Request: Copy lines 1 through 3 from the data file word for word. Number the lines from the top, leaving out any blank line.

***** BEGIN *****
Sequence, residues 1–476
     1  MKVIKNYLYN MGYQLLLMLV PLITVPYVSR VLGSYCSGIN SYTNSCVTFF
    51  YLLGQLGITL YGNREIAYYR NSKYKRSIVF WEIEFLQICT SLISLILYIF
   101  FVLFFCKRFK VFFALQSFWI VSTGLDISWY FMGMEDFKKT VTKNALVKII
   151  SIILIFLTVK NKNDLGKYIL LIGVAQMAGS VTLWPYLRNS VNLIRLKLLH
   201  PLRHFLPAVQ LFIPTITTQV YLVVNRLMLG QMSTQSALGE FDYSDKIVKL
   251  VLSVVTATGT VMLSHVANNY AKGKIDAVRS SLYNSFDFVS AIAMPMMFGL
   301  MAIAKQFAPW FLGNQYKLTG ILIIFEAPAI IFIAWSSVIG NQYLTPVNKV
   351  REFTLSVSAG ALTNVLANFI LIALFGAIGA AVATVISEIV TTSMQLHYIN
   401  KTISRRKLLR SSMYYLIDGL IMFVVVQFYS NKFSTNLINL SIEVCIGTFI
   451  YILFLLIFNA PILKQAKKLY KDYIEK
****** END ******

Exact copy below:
Sequence, residues 1–476
     1  MKVIKNYLYN MGYQLLLMLV PLITVPYVSR VLGSYCSGIN SYTNSCVTFF
    51  YLLGQLGITL YGNREIAYYR NSKYKRSIVF WEIEFLQICT SLISLILYIF